Sep 30 2017

End of Life Issues – Body Donation in Costa Rica, by Judy Kerr

by Judy Kerr

End of life issues are not a popular topic of cocktail conversation. Since losing many loved ones over the past decades and being in my mid 60’s, I am very cognizant my life will eventually end also. It is my desire to donate my body in Costa Rica to the University de Ciencias Medicasb(UCIMED), founded in 1976. This school is known for teaching medicine and recognized as one of the best medical schools in Latin America.

Body donation is a well known but poorly understood concept that few know how to go about. I had enrolled for whole body donation with the local medical school in my home state of Michigan and still maintain the same sentiments in Costa Rica which prompted me to do so in the United States. Please note that protocols change and I am relaying information current as of March 8, 2017.

Recently, my husband and I went to UCIMED and signed the formal documents to complete the donation process. One first schedules an appointment to meet with the UCIMED attorney on the 5th floor of the UCIMED building. The current administrator is not fluent in English, nor are we fluent in Spanish. It is highly recommended that you are accompanied by a trusted and competent Spanish speaker, whom you may also wish to schedule the appointment. It is important that you completely understand the process as explained by the attorney and have any questions answered to your satisfaction. Prior to our appointment, we had sent our personal information such as marital status, type of work, address, passport and/or cedula numbers. A photo was also required for our files. Our paperwork was witnessed by 3 trusted staff members of UCIMED.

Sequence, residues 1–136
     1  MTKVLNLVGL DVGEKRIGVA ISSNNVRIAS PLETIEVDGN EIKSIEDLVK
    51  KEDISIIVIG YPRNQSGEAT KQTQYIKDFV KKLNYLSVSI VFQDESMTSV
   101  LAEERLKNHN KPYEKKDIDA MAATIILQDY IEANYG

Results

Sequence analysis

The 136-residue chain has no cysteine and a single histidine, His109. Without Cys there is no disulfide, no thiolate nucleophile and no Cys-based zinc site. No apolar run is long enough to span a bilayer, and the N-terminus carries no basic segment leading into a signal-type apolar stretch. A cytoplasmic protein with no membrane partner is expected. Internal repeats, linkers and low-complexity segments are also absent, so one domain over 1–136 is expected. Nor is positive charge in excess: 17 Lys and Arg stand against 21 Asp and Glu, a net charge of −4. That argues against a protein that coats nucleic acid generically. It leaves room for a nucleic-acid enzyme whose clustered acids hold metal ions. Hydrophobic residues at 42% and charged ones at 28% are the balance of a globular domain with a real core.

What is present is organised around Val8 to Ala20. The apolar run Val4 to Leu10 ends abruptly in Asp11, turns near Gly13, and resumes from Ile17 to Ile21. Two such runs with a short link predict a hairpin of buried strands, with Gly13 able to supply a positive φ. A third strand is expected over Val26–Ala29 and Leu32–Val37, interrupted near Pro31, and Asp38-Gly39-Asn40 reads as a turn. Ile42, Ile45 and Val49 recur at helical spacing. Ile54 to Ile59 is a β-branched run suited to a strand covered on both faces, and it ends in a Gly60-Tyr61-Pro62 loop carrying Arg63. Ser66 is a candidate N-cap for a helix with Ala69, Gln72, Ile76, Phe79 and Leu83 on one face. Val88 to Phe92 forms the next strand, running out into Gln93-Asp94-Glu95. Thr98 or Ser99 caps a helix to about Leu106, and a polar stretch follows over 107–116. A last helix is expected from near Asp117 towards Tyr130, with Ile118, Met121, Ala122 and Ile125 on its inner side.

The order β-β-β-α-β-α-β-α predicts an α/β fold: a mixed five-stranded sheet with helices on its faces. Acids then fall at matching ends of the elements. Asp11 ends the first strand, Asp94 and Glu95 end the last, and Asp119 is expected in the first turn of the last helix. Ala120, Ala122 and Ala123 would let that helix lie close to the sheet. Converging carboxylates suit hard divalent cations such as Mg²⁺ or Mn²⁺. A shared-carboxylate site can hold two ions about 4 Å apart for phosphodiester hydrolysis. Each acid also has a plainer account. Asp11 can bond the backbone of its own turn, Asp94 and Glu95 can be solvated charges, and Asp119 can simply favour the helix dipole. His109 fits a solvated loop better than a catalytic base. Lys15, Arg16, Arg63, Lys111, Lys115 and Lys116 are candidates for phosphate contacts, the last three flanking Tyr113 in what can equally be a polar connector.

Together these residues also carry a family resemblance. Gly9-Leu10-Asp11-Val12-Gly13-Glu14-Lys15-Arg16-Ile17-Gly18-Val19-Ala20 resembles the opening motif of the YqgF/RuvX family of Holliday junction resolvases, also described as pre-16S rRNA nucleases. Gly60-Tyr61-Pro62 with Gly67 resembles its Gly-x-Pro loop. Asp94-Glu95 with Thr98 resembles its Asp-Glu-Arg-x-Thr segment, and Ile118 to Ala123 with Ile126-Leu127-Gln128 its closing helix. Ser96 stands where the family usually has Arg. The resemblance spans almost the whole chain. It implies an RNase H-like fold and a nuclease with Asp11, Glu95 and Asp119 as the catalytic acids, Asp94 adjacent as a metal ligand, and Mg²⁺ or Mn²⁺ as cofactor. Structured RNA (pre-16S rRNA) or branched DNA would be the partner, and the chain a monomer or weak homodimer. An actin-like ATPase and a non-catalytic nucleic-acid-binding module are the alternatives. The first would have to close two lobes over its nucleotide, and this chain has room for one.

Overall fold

Upon our death in a hospital or at home, we are to telephone the administrator or one of the contact numbers we received with our donation card and copy of the document agreement. This donation document is valid only in the country of Costa Rica. At either hospital or home, a physician must issue a death certificate so UCIMED can have your body transported. Without a death certificate, UCIMED cannot and will not retrieve the body. In case of accident, the body will remain in Judicial control until the investigation is complete.

We have shared our decision with family and friends which is of utmost importance to avoid any confusion about our remains. Note that if you have not personally enrolled in this program, your remains cannot be donated. It is your decision and yours alone and must be done by signing the consent form in person. Should you change your mind at any future date, you may come to the office to revoke the agreement. If any organs are usable, they will be harvested for transplant. Hopefully, I may help the blind to see or save the life of a child. After that, the body will be transported to the medical school where it may be used for anatomical examination, education and training, or research.

This entire process is entirely free of cost. According to the US Embassy Bureau of Consular Affairs in Costa Rica, burial without embalming (common in CR) is approximately $800 and with embalming $1,800.  Gravesite cost can be $2-4,000.  Cremation may cost $1,000, with shipping of the ashes to the US $600.  Embalming and airfreight shipment to the US can cost from $2,600-4,000. Please note these figures are estimates.

Since the medical school relies on supply and demand, there is no way to determine how long a body will be in usage. When the time comes that your remains are no longer needed, the body will be buried in a cemetery within a communal burial site. Remains will not be returned to family. There will be no marker, nor are there annual memorials held in memory of the deceased.

If your culture or religion does not prevent you from whole body donation, body donation alleviates the anxiety of loved ones about procedures should you die abroad. Even if you are not a permanent resident but spend many months of the year in Costa Rica, it is possible for you to donate should a catastrophic event occur. Beyond economy, this type of humanitarian gift will be my last act. When my body ceases to serve me, I hope it may serve others to advance scientific knowledge and offer life to those who otherwise may be denied.

Contact for more information:

Lic. Esteban Gil Giron Carvajal, Asesor Legal
Tel: 2549-000 ext. 1170
Cell:  7013-8314

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